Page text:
What impression do you take on the way people live out here and the way the communities are managed?
– I live in a mountain town and I understand that special feeling that has the simple life and to see it on this level is so inspiring and I think it just brings everything back to that life should be simple and we sometimes overtax ourselves and we often hear that music is the international language but I think running is the international activity or sport and with the eco-tourism that’s happening here I think we can bring people to be active and to see unbelievable trails, but also to bring them back to a simple lifestyle where they can’t use our phones and it’s just living day to day. As a group we kind of joked that the last three days seems like a lifetime and I think when you slow things down and you’re so in the moment and focused on what you’re doing at that time, life slows down and I think there’s a lot of joy in it and I saw that in the people there.
Is there any piece of advice you would like to give to the runners and aspiring runners that follow Aire Libre and that are part of this community as well?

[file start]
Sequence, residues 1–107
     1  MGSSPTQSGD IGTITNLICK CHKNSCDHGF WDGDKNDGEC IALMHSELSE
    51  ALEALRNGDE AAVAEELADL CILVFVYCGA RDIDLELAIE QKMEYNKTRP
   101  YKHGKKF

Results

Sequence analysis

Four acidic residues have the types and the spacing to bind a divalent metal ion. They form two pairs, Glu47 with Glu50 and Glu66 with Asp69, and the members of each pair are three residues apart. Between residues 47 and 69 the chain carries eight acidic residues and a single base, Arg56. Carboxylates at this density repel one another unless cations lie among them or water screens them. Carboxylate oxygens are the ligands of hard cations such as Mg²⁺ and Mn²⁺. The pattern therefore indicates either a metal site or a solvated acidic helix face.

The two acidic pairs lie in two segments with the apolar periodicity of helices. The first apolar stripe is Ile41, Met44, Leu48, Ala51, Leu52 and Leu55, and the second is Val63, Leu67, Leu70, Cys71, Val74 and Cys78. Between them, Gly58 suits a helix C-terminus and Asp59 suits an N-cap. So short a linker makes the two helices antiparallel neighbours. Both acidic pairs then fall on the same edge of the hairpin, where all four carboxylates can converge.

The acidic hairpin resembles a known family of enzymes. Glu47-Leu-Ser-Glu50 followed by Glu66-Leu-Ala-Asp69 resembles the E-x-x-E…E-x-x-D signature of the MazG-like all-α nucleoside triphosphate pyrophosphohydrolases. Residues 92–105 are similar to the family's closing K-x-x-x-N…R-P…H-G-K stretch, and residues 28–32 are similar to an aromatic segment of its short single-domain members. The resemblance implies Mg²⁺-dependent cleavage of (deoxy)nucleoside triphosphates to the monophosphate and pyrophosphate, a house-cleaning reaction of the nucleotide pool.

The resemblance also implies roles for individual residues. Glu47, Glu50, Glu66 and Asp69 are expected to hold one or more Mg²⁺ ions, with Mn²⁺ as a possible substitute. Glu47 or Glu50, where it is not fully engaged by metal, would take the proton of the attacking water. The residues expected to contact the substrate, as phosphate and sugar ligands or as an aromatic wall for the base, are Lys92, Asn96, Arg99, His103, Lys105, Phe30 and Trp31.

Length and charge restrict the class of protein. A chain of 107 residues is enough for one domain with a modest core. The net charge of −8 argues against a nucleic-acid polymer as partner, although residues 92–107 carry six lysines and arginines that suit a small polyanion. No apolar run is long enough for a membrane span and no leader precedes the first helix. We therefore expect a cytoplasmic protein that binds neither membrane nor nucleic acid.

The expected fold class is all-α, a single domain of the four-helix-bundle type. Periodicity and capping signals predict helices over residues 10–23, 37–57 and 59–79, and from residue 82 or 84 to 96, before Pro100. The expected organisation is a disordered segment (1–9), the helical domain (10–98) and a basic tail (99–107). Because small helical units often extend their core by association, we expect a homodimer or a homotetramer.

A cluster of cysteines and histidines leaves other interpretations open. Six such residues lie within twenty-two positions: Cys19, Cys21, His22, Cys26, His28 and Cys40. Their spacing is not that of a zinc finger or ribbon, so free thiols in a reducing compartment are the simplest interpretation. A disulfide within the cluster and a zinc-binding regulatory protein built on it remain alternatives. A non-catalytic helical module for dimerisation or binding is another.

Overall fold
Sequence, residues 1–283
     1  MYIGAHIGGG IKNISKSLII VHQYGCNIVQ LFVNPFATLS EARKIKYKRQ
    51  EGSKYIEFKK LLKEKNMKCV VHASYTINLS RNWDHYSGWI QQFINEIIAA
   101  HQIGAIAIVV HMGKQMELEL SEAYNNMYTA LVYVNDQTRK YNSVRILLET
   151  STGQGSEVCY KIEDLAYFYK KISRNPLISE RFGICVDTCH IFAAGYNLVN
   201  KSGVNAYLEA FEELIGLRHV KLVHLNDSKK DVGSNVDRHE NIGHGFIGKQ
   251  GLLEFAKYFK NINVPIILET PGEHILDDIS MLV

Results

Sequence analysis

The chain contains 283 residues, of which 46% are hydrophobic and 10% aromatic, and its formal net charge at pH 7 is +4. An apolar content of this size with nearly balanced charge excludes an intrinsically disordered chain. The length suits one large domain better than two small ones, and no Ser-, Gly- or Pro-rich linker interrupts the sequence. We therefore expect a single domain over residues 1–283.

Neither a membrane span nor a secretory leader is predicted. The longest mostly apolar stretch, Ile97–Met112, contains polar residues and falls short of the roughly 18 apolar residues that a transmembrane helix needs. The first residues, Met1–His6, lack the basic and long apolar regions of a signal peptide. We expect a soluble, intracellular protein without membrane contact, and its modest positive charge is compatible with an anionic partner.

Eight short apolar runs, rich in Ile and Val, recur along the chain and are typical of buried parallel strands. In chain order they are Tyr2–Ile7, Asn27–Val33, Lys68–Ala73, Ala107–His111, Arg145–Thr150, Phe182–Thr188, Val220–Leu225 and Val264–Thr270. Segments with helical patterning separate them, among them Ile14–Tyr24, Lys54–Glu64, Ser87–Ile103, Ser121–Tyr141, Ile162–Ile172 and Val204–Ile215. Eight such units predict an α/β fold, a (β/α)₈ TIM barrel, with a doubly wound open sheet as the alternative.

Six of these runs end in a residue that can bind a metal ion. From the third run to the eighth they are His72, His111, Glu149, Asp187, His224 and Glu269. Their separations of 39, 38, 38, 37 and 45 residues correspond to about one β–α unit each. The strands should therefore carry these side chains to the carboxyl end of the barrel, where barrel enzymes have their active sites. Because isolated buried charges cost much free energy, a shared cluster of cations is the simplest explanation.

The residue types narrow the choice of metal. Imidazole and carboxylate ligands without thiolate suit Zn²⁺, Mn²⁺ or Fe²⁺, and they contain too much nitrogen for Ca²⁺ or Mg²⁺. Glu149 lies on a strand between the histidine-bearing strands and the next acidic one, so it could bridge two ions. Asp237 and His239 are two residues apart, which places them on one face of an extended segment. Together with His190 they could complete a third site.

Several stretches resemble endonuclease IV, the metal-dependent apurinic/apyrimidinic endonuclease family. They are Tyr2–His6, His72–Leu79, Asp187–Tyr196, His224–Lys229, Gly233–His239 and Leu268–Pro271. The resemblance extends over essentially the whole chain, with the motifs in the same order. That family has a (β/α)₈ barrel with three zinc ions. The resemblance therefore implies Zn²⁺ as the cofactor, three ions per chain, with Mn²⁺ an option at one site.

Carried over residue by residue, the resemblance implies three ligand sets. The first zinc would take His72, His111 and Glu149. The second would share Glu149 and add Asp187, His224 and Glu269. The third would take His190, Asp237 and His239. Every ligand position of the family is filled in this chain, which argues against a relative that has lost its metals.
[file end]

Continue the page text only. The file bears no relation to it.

First and foremost to get out here, I mean it’s unbelievable, the terrain you can adventure through is endless and so diverse; it can be as extreme as you want it to be. Create your own adventure, pull out a map and create your own little itinerary of adventure running like we did. From town to town, experience the food, it’s unbelievable and it will be an amazing experience.
Eric Orton has a passion for adventure and challenge.
As a mountain runner, world-renowned run coach, and author, Eric has spent a lifetime exploring human potential and the limitless possibilities of the body and mind.
Based in the outdoor adventure paradise of Jackson Hole, Wyoming, Eric personally coaches athletes online around the World, from recreational racers, competitive age groupers, to elite ultra marathoners. All abilities welcome.
As the coaching star and a featured character in the worldwide best selling book Born To Run, Eric authored his first book, The Cool Impossible, as a way to help runners put it all together and become strong, fast, healthy runners who can challenge themselves to their own Cool Impossible goal and run beyond limits.